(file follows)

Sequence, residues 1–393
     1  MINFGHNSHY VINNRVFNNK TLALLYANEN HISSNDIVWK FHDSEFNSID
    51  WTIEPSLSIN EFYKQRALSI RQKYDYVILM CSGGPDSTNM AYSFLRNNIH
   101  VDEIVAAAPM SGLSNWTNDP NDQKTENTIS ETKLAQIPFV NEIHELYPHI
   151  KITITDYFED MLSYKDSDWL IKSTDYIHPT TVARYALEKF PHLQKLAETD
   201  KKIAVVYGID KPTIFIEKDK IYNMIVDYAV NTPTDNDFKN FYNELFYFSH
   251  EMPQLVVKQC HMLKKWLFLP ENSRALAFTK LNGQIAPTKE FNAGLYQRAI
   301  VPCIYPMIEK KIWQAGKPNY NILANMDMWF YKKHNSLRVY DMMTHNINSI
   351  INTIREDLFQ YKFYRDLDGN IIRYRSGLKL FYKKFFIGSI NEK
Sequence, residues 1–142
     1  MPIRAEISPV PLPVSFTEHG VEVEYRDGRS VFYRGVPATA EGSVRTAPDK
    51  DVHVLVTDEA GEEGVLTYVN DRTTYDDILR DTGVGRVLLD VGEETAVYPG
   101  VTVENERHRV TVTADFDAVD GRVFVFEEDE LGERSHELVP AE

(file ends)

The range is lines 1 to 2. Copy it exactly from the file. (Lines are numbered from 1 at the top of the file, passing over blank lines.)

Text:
Sequence, residues 1–393
     1  MINFGHNSHY VINNRVFNNK TLALLYANEN HISSNDIVWK FHDSEFNSID